I recently ran across a few items in a manuscript collection relating to The Typemusic Company of Lincoln. Apparently Mr. W. A. Fowler invented and marketed a typewriter used for typing up musical compositions. He sold his invention through The Typemusic Company. The few advertising/marketing items we have show that he had “offices” in Lincoln, Nebraska, and Los Angeles, California.
Doing a search through old Lincoln city directories, I discovered that William Arthur Fowler was the pastor at Havelock Methodist Episcopal Church in 1936 and 1937. From 1938-1940 he is listed as a salesman for Remington Rand, Inc., which was a typewriter dealer. There is no listing for William A. Fowler in the city directories after 1940. There was no listing in the city directories for “The Typemusic Company,” so it seems likely that Mr. Fowler developed the Typemusic machine while working as a typewriter saleman and then probably sold them out of his home. It’s unclear whether he really did have someone (a friend or family member) selling the machines in Los Angeles, or if that was just a marketing ploy.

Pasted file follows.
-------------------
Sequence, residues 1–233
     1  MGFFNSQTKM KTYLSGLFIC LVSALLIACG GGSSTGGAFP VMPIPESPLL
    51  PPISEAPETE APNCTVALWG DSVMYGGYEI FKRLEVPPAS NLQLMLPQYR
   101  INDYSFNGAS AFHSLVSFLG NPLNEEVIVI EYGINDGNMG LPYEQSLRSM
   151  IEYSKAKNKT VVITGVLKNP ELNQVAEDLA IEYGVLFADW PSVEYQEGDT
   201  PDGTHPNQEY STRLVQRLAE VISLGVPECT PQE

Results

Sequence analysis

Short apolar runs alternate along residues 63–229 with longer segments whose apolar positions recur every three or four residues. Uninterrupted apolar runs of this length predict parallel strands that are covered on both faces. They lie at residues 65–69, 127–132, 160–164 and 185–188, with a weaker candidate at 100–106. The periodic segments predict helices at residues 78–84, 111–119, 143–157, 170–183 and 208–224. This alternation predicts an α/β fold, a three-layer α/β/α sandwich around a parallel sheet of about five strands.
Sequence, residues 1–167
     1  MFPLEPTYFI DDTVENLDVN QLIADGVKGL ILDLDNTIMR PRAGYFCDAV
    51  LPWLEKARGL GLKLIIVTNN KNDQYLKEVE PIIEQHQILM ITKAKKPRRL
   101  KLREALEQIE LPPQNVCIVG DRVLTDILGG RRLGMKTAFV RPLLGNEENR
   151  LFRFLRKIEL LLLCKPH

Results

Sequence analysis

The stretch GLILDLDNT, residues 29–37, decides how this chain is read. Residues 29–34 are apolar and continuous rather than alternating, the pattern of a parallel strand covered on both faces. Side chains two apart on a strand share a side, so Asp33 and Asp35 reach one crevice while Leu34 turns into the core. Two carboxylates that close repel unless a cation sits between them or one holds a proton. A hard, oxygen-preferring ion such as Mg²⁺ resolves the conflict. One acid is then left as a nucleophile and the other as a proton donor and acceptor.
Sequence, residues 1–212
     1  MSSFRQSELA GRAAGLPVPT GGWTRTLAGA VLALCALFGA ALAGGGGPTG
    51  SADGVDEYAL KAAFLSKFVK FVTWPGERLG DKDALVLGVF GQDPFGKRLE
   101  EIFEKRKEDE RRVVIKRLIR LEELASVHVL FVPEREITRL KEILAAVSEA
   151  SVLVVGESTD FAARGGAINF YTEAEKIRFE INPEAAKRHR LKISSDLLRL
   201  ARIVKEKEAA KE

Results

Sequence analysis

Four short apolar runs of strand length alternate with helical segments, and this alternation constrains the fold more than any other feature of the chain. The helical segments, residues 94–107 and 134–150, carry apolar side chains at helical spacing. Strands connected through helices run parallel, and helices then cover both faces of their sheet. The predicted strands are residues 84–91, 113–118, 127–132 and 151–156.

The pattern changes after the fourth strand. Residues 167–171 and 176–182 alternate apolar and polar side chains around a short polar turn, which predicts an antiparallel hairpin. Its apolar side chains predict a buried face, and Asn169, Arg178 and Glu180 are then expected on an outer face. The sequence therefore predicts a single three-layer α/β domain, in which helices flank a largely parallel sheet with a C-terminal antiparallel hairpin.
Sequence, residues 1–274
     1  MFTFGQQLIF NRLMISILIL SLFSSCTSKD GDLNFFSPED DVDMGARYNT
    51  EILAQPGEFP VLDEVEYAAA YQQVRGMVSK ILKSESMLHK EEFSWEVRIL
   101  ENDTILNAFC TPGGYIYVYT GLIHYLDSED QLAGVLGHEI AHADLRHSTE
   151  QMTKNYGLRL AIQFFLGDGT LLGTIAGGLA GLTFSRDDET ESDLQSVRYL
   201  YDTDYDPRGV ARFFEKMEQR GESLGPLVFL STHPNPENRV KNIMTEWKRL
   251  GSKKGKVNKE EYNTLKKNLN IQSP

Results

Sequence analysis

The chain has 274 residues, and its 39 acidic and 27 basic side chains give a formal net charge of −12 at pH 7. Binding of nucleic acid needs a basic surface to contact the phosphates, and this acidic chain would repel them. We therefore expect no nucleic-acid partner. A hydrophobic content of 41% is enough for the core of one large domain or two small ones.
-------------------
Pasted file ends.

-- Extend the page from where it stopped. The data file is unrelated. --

This song book from Nebraska Wesleyan’s Golden Jubilee shows that it was produced using The Typemusic, and the advertising section in the back contains an ad for The Typemusic Company.
Although we don’t know for sure what happened to Mr. Fowler after 1940, another item in the collection may shed some light on the matter. There is a catalog/advertisement for “Typemusic, Inc.” in Chicago, Illinois dating from 1948. It seems likely that Mr. Fowler moved to Chicago and started his business there. We don’t happen to have a Typemusic machine in our museum collections. So, if you have one, or if you have any other information about The Typemusic Company or Mr. William A. Fowler, I would love to hear from you!
-Tom Mooney, Curator of Manuscripts